Conformity In The Awakening

1059 Words 5 Pages
In The Awakening, Kate Chopin illustrates the slow awakening of Edna Pontellier, a married woman who seeks her own happiness of individuality and her desires in a Victorian society. As a result, Edna tries to make changes in her life, such as abandoning her responsibilities as a mother and relocating into her own home. However, Edna is soon aware that change is not pleasant. Feeling impossibility and hopelessness, Edna chooses to die as an ultimate escape from the restrictions of the Victorian society she lives in. Edna’s journey to her awakening was challenged by conformity ultimately diminishing herself to insanity. Conformity is venom to the soul making it the captor of choice and the murderer of prosperity. Individuality and conformity …show more content…
Pontellier says, “You are burnt beyond recognition, looking at his wife as one looks at a valuable piece of personal property which has suffered some damage” (Chopin 12). Mr. Pontellier surveys his wife with disappointment as she “began to laugh” (12) at an inside joke she remembered that happened on the beach with Robert. Mr. Pontellier does not understand the laughter but he makes the reader aware of the gender restrictions during the Victorian society. He depicts the superiority of men to women as he has the ability to control and dominate her as he looks at her like a broken piece of property which foreshadows Edna’s distress and eventually her death. Edna’s husband's superior behavior leaves her tainted with a little poison of conformity. As her husband comes back home from Klein’s Hotel around eleven o’clock at night he thought it was discouraging of his wife that she answers him with “little half utterances” (17) which made Mr. Pontellier think she “evinced so little interest in things which concerned him, and valued so little conversation” (17). However, Edna is “overcome with sleep” (17) because during the Victorian …show more content…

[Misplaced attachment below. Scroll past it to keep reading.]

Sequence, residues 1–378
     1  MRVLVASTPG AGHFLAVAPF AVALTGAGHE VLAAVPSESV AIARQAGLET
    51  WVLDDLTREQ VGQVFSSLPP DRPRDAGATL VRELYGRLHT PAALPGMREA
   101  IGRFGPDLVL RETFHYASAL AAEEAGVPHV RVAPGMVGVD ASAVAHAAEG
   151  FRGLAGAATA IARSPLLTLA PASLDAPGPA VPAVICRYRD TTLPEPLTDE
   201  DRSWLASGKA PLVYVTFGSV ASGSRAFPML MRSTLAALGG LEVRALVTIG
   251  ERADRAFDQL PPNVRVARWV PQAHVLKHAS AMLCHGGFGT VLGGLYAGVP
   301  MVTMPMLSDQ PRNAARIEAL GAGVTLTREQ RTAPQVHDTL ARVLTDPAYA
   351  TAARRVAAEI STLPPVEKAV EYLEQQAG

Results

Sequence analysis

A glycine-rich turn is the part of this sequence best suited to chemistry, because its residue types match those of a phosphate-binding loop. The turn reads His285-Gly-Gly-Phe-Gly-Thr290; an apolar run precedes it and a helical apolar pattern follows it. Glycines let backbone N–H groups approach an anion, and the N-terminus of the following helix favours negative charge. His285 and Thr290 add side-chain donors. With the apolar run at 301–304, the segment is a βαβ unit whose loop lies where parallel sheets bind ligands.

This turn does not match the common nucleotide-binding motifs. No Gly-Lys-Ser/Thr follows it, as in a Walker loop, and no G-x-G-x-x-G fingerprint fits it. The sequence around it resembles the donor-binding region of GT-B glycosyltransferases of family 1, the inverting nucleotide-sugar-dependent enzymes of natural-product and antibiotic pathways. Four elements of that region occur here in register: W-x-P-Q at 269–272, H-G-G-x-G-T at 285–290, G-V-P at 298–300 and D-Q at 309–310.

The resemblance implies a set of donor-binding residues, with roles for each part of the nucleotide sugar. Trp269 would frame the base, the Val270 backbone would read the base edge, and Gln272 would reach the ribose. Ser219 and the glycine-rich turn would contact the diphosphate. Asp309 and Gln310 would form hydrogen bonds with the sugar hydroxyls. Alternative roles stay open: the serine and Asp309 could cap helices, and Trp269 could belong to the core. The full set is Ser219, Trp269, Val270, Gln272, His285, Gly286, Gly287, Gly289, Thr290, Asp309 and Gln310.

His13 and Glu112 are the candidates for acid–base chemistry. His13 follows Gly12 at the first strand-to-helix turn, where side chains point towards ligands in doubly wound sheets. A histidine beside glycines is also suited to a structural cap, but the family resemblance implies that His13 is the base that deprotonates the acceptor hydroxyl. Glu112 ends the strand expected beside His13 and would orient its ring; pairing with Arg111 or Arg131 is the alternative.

At a party Mademoiselle Reisz, an unusual and unpopular aged woman who gives inspiration to Edna throughout her awakening, is offered to play the piano. One piece Mademoiselle Reisz played arouses an emotion of “Solitude”(43) as Edna entitles the piece that. As Edna listens to her piano playing she imagines a “figure of a man standing beside a desolate rock on the seashore. He was naked. His attitude was one of hopeless resignation as he looked toward a distant bird winging its flight away from him” (44). The passions that are arousing in her is “within her soul, swaying it, lashing it, as the waves daily beat upon her splendid body. She trembled, she was choking, and the tears blinded her” (44). The music that Mademoiselle Reisz plays conjures emotions of hopelessness since she is never with her actual husband and her emotions beat against her soul as she tries to stay afloat. The image Edna envisions is a bird that is flying away from the man which stealthily foreshadows the end of the novel. At the end of the novel a bird appears “with a broken wing” (159) which showcases Edna’s fate of solitude that is felt by the broken individual allowing

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